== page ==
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“The Greatest Spectacle in Racing!”

This past Sunday was the 101st running of the Indianapolis 500 Mile Race. The “Greatest Spectacle in Racing!” Each year, I recall one of the greatest privileges of my professional, as well as personal life! 

It was 1986 and I was the development officer for a small non-profit in Indianapolis. We had taken a risk of faith and asked Mari Hulman-George, owner of the track to be honorary chairperson of our 2nd charity event: Elizabella Ball.

Fortunately she said “yes” and nearly a year of planning commenced.

If you’ve never been to the “greatest spectacle in racing”, you can only imagine the amount of strategic planning that goes into pulling off a multi-million dollar race accommodating nearly a half million people – and that’s just for race day. Throughout the month of May, there are multiple functions associated with the race that requires the expertise of scads of folks – both professional and volunteer. The miracle is that it goes off with nary a glitch. At least none of which the public is aware.

And there’s a very good reason it goes off with nary a glitch! I know because I had the privilege of having just a glimpse of how the 500 folks plan and execute such a phenomenal event. The amazing thing is that we who plan and execute our business and professional pursuits can learn from these folks who do it with such grace, charm and apparent ease.

In the Midst of Experts! 

Here’s what I experienced as we approached the 1986 Elizabella Ball held at the old Indianapolis 500 Museum of Racing!

  1. Overall success is dependent on a series of single successes superbly executed – On 3 separate occasions prior to 1986 Elizabella Ball; I sat at the huge 500 corporate conference table with the experts as we walked through every second of that event. From the time the 1st car turned into the speedway from 16th Street to the time the last car departed many hours later!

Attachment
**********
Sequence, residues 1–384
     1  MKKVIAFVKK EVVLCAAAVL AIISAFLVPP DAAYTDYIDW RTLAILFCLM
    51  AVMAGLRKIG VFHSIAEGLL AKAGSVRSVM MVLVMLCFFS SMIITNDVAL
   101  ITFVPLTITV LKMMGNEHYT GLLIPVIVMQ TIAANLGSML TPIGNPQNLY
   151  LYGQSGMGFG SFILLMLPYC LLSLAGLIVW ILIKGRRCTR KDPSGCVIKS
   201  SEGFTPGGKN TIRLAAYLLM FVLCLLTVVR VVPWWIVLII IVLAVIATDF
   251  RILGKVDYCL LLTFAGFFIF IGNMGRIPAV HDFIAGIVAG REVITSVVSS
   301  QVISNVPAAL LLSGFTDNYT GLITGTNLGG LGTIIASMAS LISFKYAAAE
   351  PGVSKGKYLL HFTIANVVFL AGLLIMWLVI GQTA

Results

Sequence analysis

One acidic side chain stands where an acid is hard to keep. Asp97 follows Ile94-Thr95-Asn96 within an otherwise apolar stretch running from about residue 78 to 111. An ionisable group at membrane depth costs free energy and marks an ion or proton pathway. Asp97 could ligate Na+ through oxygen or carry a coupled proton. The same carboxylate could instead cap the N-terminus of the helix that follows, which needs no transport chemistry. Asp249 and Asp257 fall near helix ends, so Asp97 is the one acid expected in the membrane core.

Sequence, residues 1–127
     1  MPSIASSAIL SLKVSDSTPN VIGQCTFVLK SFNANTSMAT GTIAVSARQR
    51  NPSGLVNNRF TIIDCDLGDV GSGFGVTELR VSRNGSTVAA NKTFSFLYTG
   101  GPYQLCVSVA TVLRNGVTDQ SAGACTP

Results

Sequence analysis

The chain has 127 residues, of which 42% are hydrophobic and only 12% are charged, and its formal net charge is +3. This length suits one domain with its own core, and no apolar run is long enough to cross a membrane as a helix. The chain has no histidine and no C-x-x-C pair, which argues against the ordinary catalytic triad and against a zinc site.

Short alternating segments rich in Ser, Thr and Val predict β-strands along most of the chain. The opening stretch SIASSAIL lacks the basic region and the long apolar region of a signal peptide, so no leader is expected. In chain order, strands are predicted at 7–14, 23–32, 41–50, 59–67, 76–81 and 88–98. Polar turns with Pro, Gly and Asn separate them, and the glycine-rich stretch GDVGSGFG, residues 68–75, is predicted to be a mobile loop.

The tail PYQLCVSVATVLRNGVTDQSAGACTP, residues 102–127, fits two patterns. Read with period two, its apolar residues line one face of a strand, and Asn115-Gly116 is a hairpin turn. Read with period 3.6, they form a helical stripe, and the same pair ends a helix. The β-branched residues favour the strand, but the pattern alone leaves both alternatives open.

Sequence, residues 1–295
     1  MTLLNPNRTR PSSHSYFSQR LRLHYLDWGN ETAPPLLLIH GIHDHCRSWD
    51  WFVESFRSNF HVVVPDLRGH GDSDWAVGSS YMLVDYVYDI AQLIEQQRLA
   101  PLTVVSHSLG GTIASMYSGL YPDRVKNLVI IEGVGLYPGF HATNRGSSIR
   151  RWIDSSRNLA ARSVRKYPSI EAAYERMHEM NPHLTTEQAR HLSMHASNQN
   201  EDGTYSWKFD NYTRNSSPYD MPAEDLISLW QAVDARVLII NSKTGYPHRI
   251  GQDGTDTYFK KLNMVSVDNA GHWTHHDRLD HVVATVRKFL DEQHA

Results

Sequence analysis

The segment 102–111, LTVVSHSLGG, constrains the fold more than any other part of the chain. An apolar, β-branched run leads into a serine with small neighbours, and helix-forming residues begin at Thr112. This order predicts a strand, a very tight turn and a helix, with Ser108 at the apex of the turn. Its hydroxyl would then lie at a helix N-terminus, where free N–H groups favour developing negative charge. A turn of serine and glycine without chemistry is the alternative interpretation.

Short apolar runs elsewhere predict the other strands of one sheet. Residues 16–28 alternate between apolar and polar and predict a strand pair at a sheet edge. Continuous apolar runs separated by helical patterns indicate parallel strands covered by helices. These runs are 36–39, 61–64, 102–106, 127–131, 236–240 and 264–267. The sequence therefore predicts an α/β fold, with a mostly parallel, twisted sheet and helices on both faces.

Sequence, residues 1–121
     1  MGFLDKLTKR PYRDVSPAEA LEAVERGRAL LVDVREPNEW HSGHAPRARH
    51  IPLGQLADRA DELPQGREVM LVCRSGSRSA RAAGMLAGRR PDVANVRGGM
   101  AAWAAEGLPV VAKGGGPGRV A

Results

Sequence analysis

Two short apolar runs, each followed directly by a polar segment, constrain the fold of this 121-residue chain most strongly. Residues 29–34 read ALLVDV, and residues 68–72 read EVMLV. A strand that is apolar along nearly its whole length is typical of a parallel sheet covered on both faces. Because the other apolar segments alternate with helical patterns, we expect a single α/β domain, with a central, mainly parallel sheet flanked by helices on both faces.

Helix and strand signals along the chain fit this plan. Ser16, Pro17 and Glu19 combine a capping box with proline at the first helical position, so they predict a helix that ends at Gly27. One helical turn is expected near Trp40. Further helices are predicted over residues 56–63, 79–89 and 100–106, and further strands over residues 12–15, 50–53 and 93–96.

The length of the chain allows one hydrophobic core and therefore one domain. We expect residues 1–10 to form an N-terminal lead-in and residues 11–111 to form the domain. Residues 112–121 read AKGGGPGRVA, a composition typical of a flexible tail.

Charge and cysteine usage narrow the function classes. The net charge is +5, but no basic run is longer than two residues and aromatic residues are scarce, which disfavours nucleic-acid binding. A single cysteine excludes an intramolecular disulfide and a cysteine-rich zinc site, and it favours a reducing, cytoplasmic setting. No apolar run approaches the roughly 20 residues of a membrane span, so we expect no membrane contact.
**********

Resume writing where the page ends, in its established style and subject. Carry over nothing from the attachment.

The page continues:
2. Take nothing for granted during the planning stages – As the Hulman-George team and I walked through each minute detail of the evening; the process stopped when I could not answer an anticipated aspect of the event. No one on the expert team ventured to help me unwind the potential glitch in order to take the next step to a smooth running process. In other words, I had to think as strategically and with as much expertise as those on the other side  of the table who did event planning par-excellence’!
  3. Start the process early and up front – Elizabella Ball 1986 was the Saturday following Thanksgiving. But it was early October when the 1st Hulman-George conference room session took place. I thought it a bit early; but since the famous featured orchestra for the evening was flying in and would not arrive until after the evening’s program had started; the process was even more complicated than originally planned! The speedway experts had to carefully and accurately arrange to get the Lionel Hampton orchestra from Indy International to the speedway in time to strike up the band at the appointed hour! It was up to me to handle the museum room while they handled orchestra transport. In other words, I had to know my “p’s and q’s” too!